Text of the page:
April 21, 2013, 9:20 pm
Joe R. from Flushing says:
Tal, read my lips-I DO NOT feel bicycles should be treated like vehicles. They're actually in between motor vehicles and pedestrians, and as such should have their own sets of laws, and eventually a lot of separate infrastructure. You're the one always saying NYC is big and crowded. Yes, it is. If it's too crowded to add bikes to the mix on regular streets, then we need to build something totally separate either above or below street level. You should support this because it will mean we won't be taking traffic lanes or parking away from cars for bikes. I'll support it because I'll finally be able to ride without cars, pedestrians, stop signs, or red lights. Also, it's not size that matters but density. Paris is actually denser on average than NYC. If letting cyclists pass reds when it's clear works over there it'll work just fine here.

As for calling out cyclists who disobey laws, I do it all the time-when the laws make sense. I HATE seeing cyclists pass crowded crosswalks at speed, or go through red lights weaving through cross traffic. And such behavior would still be illegal even if we passed a law similar to the law passed in Paris. I also can't justify wrong way cycling. It's dangerous to everyone, especially other cyclists, and it doesn't really benefit cyclists in any way I can see, except for delivery people who can make their runs quicker by sometimes going against traffic. And don't get me started on the people riding fixies without brakes, or riding without lights at night. A bicycle should have decent brakes, and lights if ridden after dark.

It's a shame you think there's absolutely nothing wrong with a set of sets and infrastructure which 95% of the time requires cyclists (and motorists) to sit and stare at empty space waiting for a light to change. I don't care if it's the law or not. It's retarded and it serves absolutely no purpose. Either NYC should put sensors in all the traffic signals to end this monumental waste of people's time, or it should remove the signals. There's no justification for the state stealing people's time for no safety or other reason, and it is stealing any way you look at it. The fact is the traffic engineers were just too lazy or incompetent to put in sensors. You as a motorist and I as a cyclist should sue to force them to do this, or to remove the signals if they won't. In the meantime I'm only stopping a red lights for three reasons: 1) Cars are crossing my path. 2) Pedestrians are crossing my path. 3) There is a police car within sight. As long as I ride safely and don't hit anything, which I never do, how I ride is my business, not yours or anyone elses. I don't micromanage your driving. I appreciate the same courtesy in return. Run all the red lights you want, speed, and so forth. So long as you do it in a way that you don't hit people, I'm fine with it. Totally law abiding drivers are often a bigger menace on the roads because the "script" the law tells them to follow doesn't always apply in exceptional situations. Case in point-you see an out of control car coming up from behind you while waiting a red light. The best thing to do is get out of the way, even if it means you have to go through the red light. There are many similar situations in cycling where the safest course of action is not what the law prescribes. In the end, I do whatever I must to stay alive, not follow a script written by clueless moronic legislators in an ivory tower.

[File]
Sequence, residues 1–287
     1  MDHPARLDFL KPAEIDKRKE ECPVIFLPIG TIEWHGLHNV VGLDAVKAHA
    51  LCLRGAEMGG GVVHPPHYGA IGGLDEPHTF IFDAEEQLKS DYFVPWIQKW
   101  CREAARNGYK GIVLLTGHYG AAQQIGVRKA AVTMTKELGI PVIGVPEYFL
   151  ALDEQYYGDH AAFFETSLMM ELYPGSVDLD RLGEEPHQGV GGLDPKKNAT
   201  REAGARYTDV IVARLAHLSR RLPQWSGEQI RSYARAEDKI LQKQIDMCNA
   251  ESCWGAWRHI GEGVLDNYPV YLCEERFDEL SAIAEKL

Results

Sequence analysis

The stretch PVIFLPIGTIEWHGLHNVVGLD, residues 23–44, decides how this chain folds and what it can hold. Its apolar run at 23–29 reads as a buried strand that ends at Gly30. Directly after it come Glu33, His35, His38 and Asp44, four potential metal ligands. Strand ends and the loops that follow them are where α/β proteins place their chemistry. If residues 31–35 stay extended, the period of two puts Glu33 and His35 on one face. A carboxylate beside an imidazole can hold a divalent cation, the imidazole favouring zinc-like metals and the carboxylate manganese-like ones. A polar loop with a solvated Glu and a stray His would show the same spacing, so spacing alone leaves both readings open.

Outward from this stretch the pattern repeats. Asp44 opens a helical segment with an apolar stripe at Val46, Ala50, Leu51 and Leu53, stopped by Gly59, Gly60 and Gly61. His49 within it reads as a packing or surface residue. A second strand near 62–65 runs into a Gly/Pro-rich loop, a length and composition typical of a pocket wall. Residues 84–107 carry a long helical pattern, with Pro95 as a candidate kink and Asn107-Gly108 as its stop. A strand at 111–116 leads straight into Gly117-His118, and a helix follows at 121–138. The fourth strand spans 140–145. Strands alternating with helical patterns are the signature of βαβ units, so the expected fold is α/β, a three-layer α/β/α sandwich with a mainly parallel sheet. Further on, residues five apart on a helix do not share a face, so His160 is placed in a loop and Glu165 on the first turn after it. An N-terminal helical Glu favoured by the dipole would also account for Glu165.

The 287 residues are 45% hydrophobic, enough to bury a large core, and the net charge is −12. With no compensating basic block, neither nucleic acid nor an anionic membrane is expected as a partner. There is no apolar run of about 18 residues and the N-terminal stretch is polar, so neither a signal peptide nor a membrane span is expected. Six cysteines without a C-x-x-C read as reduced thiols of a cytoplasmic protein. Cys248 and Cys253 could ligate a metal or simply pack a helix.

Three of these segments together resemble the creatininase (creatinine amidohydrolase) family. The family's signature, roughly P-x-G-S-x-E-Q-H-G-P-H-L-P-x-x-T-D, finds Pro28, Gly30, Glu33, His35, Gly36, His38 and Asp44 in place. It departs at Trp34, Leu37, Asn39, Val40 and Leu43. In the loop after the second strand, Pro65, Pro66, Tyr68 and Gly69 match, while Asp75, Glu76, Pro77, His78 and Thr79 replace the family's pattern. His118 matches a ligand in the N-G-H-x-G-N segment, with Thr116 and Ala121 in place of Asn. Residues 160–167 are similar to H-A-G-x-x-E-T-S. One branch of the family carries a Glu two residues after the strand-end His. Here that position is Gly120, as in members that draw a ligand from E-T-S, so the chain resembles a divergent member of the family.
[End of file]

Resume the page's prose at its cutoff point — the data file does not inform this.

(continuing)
April 21, 2013, 11:55 pm
Tal Barzilai from Pleasantville, NY says:
Joe, as long as you and your kind try to act as if you are above the laws, your kind will never get the respect. Acting like victims to the rules will only be calling for more ticket blitzes on cyclists. If you really want to a appeal to a more broader audience outside your website, then you have to understand that those aren't close minded people like you are. Please remember that the complaint on how cyclists act goes all the way back to when Koch was mayor, and he did originally give them the benefit of the doubt until he heard a lot of complaints from residents on how they were flouting the laws. Overall, your group is not the majority, and politicians do have to favor what most want, not to that of the few. The reason why I said that it's more important to spend money for public schools and hospitals rather than bike lanes and this program is because the former serves a lot more than the latter. Since you say it's about respect, then as a quote from the famous man known as Confucius said, "Respect is something one must earn, not demand."